Brevity Or Bust
HIGH The old man on the pier.
LOW A rather generic final boss.
WTF The settings menu has a… vegan option?
If limitation breeds innovation, Minit feels like a self-imposed challenge by its developers. Here’s what a game can be with only two colors, two buttons, and a 60-second frame in which players are permitted to do anything. It’s one of the purest arguments for “less is more” that I’ve seen in recent memory.
The main character of Minit – an orb with a beak, because that’s all the detail the visual style affords – finds a sword that curses him to restart his adventure every minute, so players have exactly that much time to make progress before they’re yanked back to the starting point and forced to begin anew. That this gimmick works even remotely well is a herculean feat, as it requires everything in Minit to be whittled down to its simplest, most succinct form.
Environments must be easy enough to read that players don’t waste valuable time figuring out what they’re able to interact with, and how. Characters must communicate important information in as few words as possible. The world must be compact enough that players actually have time to reach any location in it. The controls must be basic, and the moveset needs be uniform. Minit looks and plays like it could have been released on the original Game Boy, and that’s the only circumstance in which a concept like this could work.
However, it’s not a full-on Groundhog Day scenario. Enemies respawn and puzzles reset, but players permanently keep any items that they obtain, and the general state of the world carries over from one attempt to the next – if an NPC is rescued, for example, he stays rescued for the remainder of the campaign.
The structure of the game is relatively routine, with players’ ever-expanding arsenals granting them access to farther reaches of Minit’s world. We get our hands on a stronger sword, and suddenly we can chop through any plants that are blocking important routes. We find a pair of flippers, and now bodies of water don’t halt our progress.
If the 60-second time limit didn’t exist, this would be the shortest and easiest Zelda game ever made – by necessity, the puzzles and fetch quests are all simple enough that they can be completed in a matter of moments. However, the time-loop mechanic turns seemingly mundane tasks into moments of fist-pumping bravado since everything is a speedrun.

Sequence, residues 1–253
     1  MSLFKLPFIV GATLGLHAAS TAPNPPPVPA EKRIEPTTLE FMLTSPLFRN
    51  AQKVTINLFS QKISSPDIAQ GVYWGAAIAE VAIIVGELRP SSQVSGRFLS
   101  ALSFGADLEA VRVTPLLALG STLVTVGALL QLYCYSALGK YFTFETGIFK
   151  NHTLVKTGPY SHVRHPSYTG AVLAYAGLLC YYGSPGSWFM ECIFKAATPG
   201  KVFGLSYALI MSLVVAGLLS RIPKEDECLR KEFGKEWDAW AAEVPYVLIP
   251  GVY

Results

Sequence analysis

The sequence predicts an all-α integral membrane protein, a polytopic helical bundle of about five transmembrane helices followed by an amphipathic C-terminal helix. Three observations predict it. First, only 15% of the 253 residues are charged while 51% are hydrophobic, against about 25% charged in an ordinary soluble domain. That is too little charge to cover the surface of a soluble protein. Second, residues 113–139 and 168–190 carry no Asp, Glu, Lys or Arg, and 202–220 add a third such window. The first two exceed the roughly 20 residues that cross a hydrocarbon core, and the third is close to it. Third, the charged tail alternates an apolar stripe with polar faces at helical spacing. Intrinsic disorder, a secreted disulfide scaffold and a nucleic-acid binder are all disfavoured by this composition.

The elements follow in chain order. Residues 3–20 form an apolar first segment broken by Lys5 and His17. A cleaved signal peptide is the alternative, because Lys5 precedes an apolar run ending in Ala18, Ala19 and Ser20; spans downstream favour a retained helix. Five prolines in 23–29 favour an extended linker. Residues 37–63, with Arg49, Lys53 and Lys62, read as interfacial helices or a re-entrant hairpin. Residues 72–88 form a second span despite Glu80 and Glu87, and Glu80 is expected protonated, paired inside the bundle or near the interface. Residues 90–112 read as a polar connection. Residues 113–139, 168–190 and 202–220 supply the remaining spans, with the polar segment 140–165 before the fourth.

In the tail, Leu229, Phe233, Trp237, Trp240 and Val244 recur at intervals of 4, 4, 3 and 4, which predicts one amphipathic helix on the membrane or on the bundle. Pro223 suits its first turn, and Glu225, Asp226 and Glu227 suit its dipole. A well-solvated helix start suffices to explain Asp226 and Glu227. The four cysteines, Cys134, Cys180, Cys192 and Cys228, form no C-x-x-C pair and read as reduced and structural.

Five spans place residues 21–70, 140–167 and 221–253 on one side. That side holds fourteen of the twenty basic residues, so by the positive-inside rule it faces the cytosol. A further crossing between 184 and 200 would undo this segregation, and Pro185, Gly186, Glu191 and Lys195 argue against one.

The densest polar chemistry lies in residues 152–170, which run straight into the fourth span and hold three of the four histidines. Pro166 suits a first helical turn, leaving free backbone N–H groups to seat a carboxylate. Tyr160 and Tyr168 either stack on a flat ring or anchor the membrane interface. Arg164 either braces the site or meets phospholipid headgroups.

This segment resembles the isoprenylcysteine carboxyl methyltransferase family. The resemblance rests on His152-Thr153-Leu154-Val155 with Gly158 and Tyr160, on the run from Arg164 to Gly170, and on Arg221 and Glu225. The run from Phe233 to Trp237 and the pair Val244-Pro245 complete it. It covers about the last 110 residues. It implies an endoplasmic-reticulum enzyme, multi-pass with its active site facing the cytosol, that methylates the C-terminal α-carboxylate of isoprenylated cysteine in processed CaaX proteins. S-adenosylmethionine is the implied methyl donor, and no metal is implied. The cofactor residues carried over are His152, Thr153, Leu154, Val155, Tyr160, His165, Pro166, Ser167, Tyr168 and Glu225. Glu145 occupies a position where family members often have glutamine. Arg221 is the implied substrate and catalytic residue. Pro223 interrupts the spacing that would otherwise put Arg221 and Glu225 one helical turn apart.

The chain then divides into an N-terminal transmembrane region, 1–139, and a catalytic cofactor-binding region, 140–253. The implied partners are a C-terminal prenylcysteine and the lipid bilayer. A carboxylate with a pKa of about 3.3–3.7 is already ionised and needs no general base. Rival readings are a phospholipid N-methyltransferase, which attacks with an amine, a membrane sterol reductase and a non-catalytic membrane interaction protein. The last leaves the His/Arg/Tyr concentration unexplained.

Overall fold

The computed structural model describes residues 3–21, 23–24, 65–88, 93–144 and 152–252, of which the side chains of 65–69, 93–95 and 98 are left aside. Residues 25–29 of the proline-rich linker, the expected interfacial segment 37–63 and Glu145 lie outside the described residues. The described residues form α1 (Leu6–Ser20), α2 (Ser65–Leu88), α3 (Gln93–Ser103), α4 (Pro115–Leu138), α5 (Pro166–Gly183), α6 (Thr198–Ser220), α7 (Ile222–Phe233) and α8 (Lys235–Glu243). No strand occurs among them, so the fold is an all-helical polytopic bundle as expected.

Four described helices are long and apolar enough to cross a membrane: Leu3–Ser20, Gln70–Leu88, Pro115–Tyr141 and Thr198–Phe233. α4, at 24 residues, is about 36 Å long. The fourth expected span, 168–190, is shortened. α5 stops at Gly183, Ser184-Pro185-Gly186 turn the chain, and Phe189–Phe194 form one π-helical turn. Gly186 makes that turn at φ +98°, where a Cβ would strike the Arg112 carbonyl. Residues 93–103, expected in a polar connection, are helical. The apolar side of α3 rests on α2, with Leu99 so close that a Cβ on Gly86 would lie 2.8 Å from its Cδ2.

The final boss is the only aspect of Minit that betrays its sensibilities – it’s an over-elaborate bullet hell-style fight, and the devs compensate for this by not erasing players’ progress whenever they die or run out of time, essentially providing unlimited continues. It’s not a frustrating battle, but it’s a surprisingly uninspired note to end such a clever little game on.
However, that fight is the only stumble in what will likely be remembered as one of 2018’s more notable indie releases, worthwhile as a charming homage to retro action/adventure titles and as an ambitious exercise in restrained game design – it’s the world’s most agreeable game, chopped up into a hundred bite-sized pieces. I want to complain that it’s over too quickly, but then Minit makes a constant case for brevity being the soul of wit, so I guess I should shut up.
Disclosures: This game is developed by Jan Willem Nijman, Kitty Calis, Jukio Kallio, and Dominik Johann and published by Devolver Digital. It is currently available on PlayStation 4, Xbox One and PC. This copy of the game was obtained via publisher and reviewed on the PlayStation 4. Approximately two hours of play were devoted to the single-player mode, and the game was completed. There are no multiplayer modes.
Parents: According to the ESRB, this game is rated Everyone and contains Mild Fantasy Violence. There’s absolutely nothing to be concerned about here.
Deaf & Hard of Hearing Gamers: All dialog is text-based, and sound cues never play a vital role. It’s fully accessible.
Remappable Controls: The two commands, “action” and “retry,” can be remapped, though movement controls can’t.
Colorblind Modes: There are no colorblind modes available in the options. Note that the game is presented exclusively in stark black-and-white.
He was born and raised in Amish country and has yet to escape, despite a brief stint in Philadelphia, where he attended Temple University. He took a one-credit course there called "Career Opportunities for English Majors," which painted a bleak picture for prospective writers. Mike remains steadfast in his ongoing role as a video game critic, however, and has recently written for GamesRadar. Most of his work can be found on HonestGamers, where he has contributed over 200 reviews to date.
When not playing games or writing about them, Mike is a rabid indie music fan and ardent concertgoer. He doesn't read as much as he probably should, but his current favorite author is Alastair Reynolds.